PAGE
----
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Strengthening the Value Chain for Indigenous and Community Forestry Operations

Strengthening the value chain for indigenous and community forestry operations through increased investment and use of technical assistance


Spanish versions of the three case studies:

  • Mexico: San Bernardino de Milpillas Chico, México -- In Spanish (June 2010)
  • Guatemala: El fortalecimiento de FORESCOM y las Empresas Forestales Comunitarias en la Reserva de la Biosfera Maya, Guatemala -- In Spanish (June 2010)
  • Honduras: El caso de las Cooperativas Agroforestales en la Biósfera Río Plátano, Honduras -- In Spanish  (December 2010) 

The link between sustainable forest management practices and community benefits has not been well documented. Likewise, the connection between the sale of certified products and conservation outcomes is sometimes lost amid general skepticism. Part of the reason investments in community forestry operations are not well understood is that studies tend to rely on anecdotal evidence rather than income and productivity data.


Building on the successful work of the Rainforest Alliance's Sustainable Forestry Division in Mexico and Central America, PROFOR co-financed three case studies documenting changes in income, return on investment and the role of technical assistance in bringing investments to their full potential in Mexico, Guatemala and Honduras.

The case studies are expected to motivate community forestry operations to invest in their operations and strive for improved competitiveness.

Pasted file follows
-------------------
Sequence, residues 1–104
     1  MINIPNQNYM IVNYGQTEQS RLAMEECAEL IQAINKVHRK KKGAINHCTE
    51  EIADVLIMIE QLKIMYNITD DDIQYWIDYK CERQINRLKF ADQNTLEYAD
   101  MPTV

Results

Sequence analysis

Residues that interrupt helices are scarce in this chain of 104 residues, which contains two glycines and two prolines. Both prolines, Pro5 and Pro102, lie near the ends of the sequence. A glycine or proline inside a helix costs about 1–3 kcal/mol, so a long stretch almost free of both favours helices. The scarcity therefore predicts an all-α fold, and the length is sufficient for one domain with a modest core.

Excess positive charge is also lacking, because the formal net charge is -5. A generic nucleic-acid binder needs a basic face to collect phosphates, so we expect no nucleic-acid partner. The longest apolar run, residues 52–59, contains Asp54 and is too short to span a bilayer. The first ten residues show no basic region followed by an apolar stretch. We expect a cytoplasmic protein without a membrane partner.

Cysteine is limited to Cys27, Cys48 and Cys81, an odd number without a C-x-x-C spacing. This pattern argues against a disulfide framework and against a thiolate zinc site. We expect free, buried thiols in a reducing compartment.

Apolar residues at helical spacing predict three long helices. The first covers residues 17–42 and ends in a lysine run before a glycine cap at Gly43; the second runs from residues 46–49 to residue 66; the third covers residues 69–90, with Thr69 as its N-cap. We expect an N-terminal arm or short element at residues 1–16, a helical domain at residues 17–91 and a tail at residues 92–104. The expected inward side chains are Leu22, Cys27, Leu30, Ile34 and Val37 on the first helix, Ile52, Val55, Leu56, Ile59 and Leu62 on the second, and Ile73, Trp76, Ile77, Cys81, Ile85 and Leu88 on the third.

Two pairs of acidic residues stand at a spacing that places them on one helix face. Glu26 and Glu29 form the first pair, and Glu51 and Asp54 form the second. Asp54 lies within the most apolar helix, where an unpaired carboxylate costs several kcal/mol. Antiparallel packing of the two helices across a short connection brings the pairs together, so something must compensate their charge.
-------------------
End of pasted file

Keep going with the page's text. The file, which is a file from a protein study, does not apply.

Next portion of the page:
• In Mexico, with an investment of $1.1 million over three years, the operation increased sawmilling efficiencies and lowered production costs by 43% without sacrificing jobs. A greater focus on secondary processing and investment in their business led to a change in annual profits from minus $561,646 to plus $1.7 million.
  • In Guatemala, FSC certified community concessions increased their revenues by 209% to $5.8 million.  Improved saw milling efficiencies and higher grades of mahogany along with FSC certified mahogany price increases drove the increase in revenues as did the addition of a FSC certified non-timber product.  Employment increased for women though value added processing for non-timber products.  Investments by communities themselves have been modest but donor investments in training and technical assistance have probably exceeded $10 million.
  • In Honduras, cooperatives banded together to provide semi-processed mahogany for export to certified markets, changing their production chain and adopting sustainable forest management practices. With only a 19% increase in volume harvested, revenues have increased by 128% to $579,375. Actual production costs rose 40% from 2006 to 2008, due to increased costs of forest management and taxes, as well as the extra care needed to produce quality mahogany grades.  The cooperatives have invested over $113,000 in simple machinery.


The results of the three case studies were presented at the World Forestry Congress in Buenos Aires, Argentina in October 2009. The Mexico case study was presented at the Expo Forestal in Mexico in September 2009. In both cases, the data on production, efficiency and community benefits was well received.

The indicators used in these cases studies will be useful for measuring impact in other communities. A new forestry project with CONAFOR/UNDP/GEF and the Rainforest Alliance will use the same methodology and variables in Mexico to measure community level impacts on wood harvesting, usage and income. The Rainforest Alliance is also starting two new community forestry projects in Ghana and Cameroon which will use a subset of these variables, adapted for West Africa.

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Author : Rainforest Alliance [1] [1]
Last Updated : 02-24-2017